- New test may predict COVID-19 immunityMIT News – August 9, 2022 Most people in the United States have some degree of immune protection against COVID-19, either from vaccination, infection, or a combination of the two. But just how much protection does any individual person have? MIT researchers have now developed an easy-to-use test that may be able to answer that question. Their test, which uses the same type of “lateral flow” technology as most rapid antigen tests for COVID-19, measures the level of neutralizing antibodies that target the SARS-CoV-2 virus in a blood sample. Easy access to this kind of test could help people determine what kind of precautions they should take against COVID-19 infection, such as getting an additional booster shot, the researchers say.
- Vaccine Targeting Fast-Spreading Omicron Subvariants Could Be Ready For Fall As Pfizer, BioNTech Announce TrialsForbes – August 8, 2022 Pfizer and BioNTech will begin trials of their updated mRNA COVID-19 vaccine designed to protect against the newer BA.4 and BA.5 sub-variants of the coronavirus latest this month, BioNTech announced, joining other vaccine makers like Moderna who are trying to create updated shots targeting the faster spreading and immune evasive variants.
- Under 60, healthy, vaccinated and boosted? ‘You’re in a pretty good place’ with COVID-19CNN Health – August 8, 2022 Data obtained by CNN from New York’s largest health-care provider indicates you’re very unlikely to become severely ill with COVID-19 if you’re under age 60, up to date on your COVID-19 vaccines and don’t have underlying health problems, backing up a government plan expected to be announced this week that will ease up on coronavirus restrictions. If you’re young, healthy and vaccinated, “you’re going to be in a pretty good place,” said Dr. William Schaffner, a vaccine adviser to the US Centers for Disease Control and Prevention. “You’re going to be well-protected.”
- COVID-19 vaccination increases antibodies in breast milk significantlyNews Medical Life Sciences – August 8, 2022 Breast milk consists of several immunoprotective factors which confer protection to the infant against infections. The current study confirmed the presence of anti-SARS-CoV-2 antibodies in breast milk that were capable of neutralizing both an early pandemic SARS-CoV-2 isolate as well as the Omicron variant. Notably, mRNA vaccination improved maternal immune responses and provided passive protection in newborns.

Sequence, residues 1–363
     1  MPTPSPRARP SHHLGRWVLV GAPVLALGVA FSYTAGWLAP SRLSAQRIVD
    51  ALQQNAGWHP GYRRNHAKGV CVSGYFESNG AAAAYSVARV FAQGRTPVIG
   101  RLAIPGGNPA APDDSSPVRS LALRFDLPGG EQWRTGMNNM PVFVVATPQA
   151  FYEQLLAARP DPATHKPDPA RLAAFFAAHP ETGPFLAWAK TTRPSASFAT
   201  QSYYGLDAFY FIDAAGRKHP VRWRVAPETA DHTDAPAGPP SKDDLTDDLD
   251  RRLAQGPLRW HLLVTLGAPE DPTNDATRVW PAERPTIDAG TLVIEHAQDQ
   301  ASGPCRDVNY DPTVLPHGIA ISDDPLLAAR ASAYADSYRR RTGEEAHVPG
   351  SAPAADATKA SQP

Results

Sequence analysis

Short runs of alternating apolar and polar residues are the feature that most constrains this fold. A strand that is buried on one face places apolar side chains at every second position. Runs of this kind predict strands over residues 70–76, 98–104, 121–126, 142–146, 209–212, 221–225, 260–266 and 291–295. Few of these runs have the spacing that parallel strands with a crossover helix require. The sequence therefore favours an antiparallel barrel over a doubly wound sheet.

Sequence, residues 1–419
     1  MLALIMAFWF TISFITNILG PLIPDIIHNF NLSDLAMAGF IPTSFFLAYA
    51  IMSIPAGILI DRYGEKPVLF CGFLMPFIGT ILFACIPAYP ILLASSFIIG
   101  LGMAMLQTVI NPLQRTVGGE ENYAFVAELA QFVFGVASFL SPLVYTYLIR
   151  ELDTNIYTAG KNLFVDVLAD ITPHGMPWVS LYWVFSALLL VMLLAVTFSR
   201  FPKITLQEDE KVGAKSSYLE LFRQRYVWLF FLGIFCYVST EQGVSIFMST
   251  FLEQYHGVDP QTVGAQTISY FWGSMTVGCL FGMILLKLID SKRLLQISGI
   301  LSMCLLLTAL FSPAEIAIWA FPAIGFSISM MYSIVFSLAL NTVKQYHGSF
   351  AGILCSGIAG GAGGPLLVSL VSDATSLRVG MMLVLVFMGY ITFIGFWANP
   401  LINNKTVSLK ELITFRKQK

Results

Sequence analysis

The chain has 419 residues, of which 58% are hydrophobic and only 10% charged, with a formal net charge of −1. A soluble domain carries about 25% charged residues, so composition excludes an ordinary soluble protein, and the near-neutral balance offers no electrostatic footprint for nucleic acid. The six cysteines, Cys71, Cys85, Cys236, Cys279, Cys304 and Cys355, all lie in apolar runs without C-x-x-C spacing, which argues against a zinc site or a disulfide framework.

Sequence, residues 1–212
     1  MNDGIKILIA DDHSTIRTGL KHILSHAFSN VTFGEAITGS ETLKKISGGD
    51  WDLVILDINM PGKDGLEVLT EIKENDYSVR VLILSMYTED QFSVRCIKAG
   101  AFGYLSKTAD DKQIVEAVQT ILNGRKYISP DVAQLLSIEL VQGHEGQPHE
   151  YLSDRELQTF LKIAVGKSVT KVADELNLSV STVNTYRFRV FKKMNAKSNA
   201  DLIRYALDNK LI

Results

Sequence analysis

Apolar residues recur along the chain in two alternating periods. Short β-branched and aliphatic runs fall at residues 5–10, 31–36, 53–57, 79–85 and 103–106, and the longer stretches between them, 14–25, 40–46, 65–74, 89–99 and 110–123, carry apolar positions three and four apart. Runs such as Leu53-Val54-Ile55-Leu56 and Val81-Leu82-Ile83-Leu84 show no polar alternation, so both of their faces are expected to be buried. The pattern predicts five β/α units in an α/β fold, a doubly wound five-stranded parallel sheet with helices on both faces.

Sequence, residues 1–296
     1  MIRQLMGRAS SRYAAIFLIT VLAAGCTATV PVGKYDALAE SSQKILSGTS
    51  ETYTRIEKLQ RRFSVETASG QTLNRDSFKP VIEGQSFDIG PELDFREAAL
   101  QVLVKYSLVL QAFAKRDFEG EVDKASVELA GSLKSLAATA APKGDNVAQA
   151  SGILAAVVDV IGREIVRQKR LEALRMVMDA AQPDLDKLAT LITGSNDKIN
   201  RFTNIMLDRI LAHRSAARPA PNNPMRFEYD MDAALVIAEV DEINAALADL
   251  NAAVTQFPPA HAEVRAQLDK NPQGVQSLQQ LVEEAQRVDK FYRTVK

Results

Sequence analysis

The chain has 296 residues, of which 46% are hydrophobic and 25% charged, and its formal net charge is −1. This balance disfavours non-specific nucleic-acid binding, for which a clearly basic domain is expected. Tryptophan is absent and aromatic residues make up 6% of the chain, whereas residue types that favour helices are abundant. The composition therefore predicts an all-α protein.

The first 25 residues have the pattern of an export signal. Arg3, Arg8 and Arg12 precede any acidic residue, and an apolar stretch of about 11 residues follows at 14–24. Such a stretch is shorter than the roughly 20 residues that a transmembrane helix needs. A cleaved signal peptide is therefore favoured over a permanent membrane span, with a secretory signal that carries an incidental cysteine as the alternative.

- Long-COVID treatments: why the world is still waitingNature – August 9, 2022A key barrier to developing long-COVID treatments has been uncertainty about the condition’s root cause. Over the past two years, a number of hypotheses have emerged as frontrunners, and researchers hope that insight into which ones are correct could help them to develop therapies. Evidence is mounting that lingering SARS-CoV-2 — or fragments of it — continues to cause trouble by stimulating the immune system. There are also signs that the infection generates antibodies that mistakenly attack the body’s own proteins, causing damage long after the initial illness. Researchers have found hints that COVID-19 could cause microscopic blood clots that block oxygen flow to tissues.
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If you have any questions about informational briefings contact California Biotechnology Foundation Executive Director Patty Cooper at (916)764-2434 or [email protected].